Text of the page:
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Adams Promotes Head of Deadly NYC Jails to Assistant Deputy Mayor for Failing Up

Louis Molina has a new job, and more links for your Wednesday.

Louis Molina addressing the Board of Correction. (Hell Gate)

The rumors that New York City Department of Correction head Louis Molina was on the way out were true: On Tuesday, Mayor Eric Adams announced that Molina would leave his post as jails commissioner later this month to become his assistant deputy mayor for public safety, working under his fellow former cop and deputy mayor for public safety Philip Banks. I guess in the Adams administration, skipping out on oversight hearings, engaging in cover-ups of the violence at Rikers, stymying efforts at oversight, and allowing Rikers to become even more of a hellish death trap to the point that a federal takeover of the City's jails seems inevitable, earns you a promotion.

It doesn't really sound like this new job, which City Hall noted does not come with a raise, was Molina's first choice. The New York Times reported that Molina has been conducting an unsuccessful job hunt in recent weeks: 

Mr. Molina had been seeking other senior law enforcement positions for more than a month, and had applied for at least one outside the administration, according to three people with knowledge of the matter. Mr. Molina had also tried to submit his resignation in recent months, but the administration rejected his effort, two people said.

Why reject Molina's request to step down and instead allow him to fail up? One unnamed "longtime political operative" painted it as a move by Adams to keep him close as the mayor's reelection campaign kicks into gear. "It's cops protecting each other. You had to move him because for Adams, it's another thing he's going to have to explain to votes [sic] when he runs for re-election," they told the Daily News. "So what do you do? You put him some place where you can watch him."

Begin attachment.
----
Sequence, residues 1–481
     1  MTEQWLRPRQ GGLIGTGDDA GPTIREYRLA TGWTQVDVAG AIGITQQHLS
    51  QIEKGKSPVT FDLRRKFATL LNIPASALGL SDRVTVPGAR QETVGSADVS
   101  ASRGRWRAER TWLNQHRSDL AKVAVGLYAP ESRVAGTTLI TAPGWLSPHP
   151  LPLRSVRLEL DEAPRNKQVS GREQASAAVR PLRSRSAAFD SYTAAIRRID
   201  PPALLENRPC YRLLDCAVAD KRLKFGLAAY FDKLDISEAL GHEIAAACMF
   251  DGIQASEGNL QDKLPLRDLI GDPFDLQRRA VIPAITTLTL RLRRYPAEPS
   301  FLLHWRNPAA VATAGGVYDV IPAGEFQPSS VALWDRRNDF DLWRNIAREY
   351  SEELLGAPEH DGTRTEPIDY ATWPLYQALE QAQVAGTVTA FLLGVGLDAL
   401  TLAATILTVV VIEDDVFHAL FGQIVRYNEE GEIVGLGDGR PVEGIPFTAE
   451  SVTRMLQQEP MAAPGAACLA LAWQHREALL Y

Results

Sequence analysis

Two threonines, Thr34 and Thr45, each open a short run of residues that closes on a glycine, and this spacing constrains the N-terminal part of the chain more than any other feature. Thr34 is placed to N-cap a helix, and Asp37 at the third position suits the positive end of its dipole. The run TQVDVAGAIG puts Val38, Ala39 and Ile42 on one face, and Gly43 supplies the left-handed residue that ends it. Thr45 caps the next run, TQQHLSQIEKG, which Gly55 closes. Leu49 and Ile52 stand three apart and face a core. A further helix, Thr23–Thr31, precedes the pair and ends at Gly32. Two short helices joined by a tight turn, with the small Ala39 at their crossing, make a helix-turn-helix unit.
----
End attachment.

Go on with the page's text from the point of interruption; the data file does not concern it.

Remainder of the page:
The attorney Jonathan Abady, one of the lawyers for the plaintiffs in the 2011 lawsuit that led to the appointment of the federal monitor for Rikers, described Molina's new role as "truly mystifying." 

"Rikers is in a state of absolute chaos and its conditions present a profound and unrelenting humanitarian crisis, and yet this administration is rewarding the steward who's been overseeing this correctional debacle. It’s nothing short of astounding," Abady told the Daily News.

"Lou has demonstrated exceptional leadership and dedication as the commissioner of the Department of Correction, helping to reverse decades of mismanagement and neglect," Mayor Adams said in a statement. "Lou has brought this organization back from the brink of collapse."

"Lou" himself echoed Adams, writing in his own statement of "the tremendous success we have achieved at the Department of Correction to reduce violence and improve safety."

Since Molina took the reins at DOC in January 2022, 28 people have died while incarcerated in the City's jails.  

And some tremendously successful links that have demonstrated exceptional leadership and dedication:

  • Via the CITY: "Every year, the City's Department of Investigation issues bold and critical recommendations intended to help City government function more effectively and efficiently, as part of its agency probes. But increasingly, and especially under Mayor Eric Adams, the department is being downsized, the scale and scope of its investigative insights is diminishing and some of its most urgent findings are being ignored by agencies."
  • "A Record 119,300 New York City Students Were Homeless Last Year"
  • Here's the one good thing about pickleball.  
  • And finally, we're all that dude who hopped the railing: 
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